Wednesday, November 9, 2011

Validation Approach to Alzheimer’s Patients


Validation is a method of interacting with the dementia of people in the late stages of Alzheimer's. People with Alzheimer's, especially on the late stages, frequently exhibit abnormal, sometimes even incomprehensible, behavior. For example, they may think they are living in a different time or place or they may continuously repeat a physical gesture. Many people - including professionals - feel that caregivers should handle this behavior by stopping it, ignoring it or correcting it.

According to validation method developer Naomi Feil, this unconventional behavior, while illogical, is an attempt by the Alzheimer’s sufferer to communicate and express their needs. The aim of the validation method is to understand and empathize with the needs the person is trying to express. So, the theory behind validation is the belief that people with dementia do and say things for a reason, and validating their words and actions is a way of encouraging them to keep communication open with the rest of the world. Another foundational principle of validation states, that older people are to be valued as is, and those with dementia should not be changed.

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Here are the key tenets of the Validation Method:
  • Validation is a method of communicating with and helping disoriented very old people. It is a practical approach that helps reduce stress, enhance dignity and increase happiness. Validation is built on an empathetic attitude and a holistic view of individuals. By stepping into the shoes of another human being and seeing the world through their eyes, caregivers can step into their world and better understand the meaning of their sometimes bizarre behavior.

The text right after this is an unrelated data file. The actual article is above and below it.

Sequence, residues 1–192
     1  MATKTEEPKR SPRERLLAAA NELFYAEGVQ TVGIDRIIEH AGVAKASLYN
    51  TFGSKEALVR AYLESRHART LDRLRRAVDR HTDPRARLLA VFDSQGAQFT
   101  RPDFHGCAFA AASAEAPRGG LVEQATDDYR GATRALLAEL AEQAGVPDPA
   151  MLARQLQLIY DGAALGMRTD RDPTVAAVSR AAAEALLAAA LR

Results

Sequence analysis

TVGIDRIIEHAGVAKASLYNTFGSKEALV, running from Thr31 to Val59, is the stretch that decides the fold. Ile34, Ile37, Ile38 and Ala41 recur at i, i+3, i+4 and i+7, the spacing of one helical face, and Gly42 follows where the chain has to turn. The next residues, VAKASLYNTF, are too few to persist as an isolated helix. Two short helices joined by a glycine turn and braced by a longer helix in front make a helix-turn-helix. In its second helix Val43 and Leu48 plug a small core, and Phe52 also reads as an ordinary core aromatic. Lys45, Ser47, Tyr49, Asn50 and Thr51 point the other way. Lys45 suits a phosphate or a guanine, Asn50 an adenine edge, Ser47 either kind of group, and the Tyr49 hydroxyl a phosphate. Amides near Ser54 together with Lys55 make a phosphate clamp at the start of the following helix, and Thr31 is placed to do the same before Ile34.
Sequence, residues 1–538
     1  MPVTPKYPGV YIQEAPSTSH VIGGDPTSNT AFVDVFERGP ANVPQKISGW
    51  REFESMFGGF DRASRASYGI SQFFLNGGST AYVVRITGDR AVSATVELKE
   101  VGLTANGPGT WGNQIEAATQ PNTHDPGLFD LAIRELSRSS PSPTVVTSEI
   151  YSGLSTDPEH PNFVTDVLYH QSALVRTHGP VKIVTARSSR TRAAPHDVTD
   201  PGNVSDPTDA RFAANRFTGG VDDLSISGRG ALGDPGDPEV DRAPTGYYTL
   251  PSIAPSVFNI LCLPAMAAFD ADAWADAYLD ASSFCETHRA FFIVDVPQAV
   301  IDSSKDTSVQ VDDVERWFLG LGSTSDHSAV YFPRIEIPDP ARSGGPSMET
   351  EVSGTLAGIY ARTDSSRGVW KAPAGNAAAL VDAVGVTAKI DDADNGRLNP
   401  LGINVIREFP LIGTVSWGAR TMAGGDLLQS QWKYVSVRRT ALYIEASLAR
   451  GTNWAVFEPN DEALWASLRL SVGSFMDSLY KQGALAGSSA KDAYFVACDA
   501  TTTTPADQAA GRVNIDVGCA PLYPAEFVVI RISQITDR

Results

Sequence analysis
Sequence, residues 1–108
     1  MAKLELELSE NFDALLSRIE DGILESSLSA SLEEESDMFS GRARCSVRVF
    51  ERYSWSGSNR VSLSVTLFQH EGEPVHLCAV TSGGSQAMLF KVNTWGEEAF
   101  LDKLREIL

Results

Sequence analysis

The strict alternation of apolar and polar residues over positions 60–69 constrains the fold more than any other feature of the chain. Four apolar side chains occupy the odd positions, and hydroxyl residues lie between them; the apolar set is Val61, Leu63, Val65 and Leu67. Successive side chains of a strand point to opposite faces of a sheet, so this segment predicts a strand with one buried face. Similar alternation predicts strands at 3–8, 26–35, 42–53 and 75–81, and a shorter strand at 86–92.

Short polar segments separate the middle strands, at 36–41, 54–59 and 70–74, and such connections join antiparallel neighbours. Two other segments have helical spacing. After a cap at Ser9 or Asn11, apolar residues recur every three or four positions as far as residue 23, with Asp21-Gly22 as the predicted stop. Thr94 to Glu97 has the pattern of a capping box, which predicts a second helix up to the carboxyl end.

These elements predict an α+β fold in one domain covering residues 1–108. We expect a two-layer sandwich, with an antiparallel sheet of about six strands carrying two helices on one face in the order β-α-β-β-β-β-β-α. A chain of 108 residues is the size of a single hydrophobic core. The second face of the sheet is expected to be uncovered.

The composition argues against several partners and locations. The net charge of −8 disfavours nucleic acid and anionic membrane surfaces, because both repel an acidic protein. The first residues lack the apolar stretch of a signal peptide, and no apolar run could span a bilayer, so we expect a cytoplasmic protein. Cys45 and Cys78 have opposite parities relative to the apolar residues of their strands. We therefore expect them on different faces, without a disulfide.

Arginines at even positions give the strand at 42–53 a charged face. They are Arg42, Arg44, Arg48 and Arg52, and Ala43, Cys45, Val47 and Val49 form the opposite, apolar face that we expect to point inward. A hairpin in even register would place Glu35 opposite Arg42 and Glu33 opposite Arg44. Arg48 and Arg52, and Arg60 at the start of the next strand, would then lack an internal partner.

• Validation theory understands that these patients are often in the final stage of life and trying to resolve unfinished issues in order to die in peace. Validation techniques allow patients to have the opportunity to express what they wish to express verbally or non-verbally.
  • Validation practitioners are taught to be caring, non-judgmental and open to the feelings that patients expressed, believing that when patients can express the things that have often been suppressed for many years, the intensity of the feelings lessen, they communicate more and are less likely to withdraw into further stages of disorientation.

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The way to validate a person that is suffering from dementia is to figure out why they do and say what they do in details, and to accept this behavior. Using validation methods of interaction is thought to prevent late stage Alzheimer's patients from shutting down further mentally, keeping their cognitive function active as much as possible. Validation encourages Alzheimer's patients to forge a trust with their caregivers as a means to encouraging communication between the two.

By lending an understanding ear to someone with Alzheimer's to verbalize their frustrations, worries and fears, the negative emotions can diminish. This will contribute to better cognitive functioning and behavior.

In her article “Communicating with the Confused Elderly Patient,” Naomi Feil gives practical examples of the how the validation method works to help communication between patient and caregiver. The following material is an excerpt from this article:
The following scenario, based on actual case experience, depicts a less effective way of responding to disorientation.
Mrs. K: “Doctor, I have to go home now to feed my children.”
Physician: “Mrs. K, you can’t go home. Your children are not there. You are 96 years old. Your children are grown and live far away.”
Mrs. K.: “Oh, Doctor I know all that. That’s why I have to get out of here, right now. I have to feed them. They’re coming home for lunch, and the door is locked. Get me out of here!”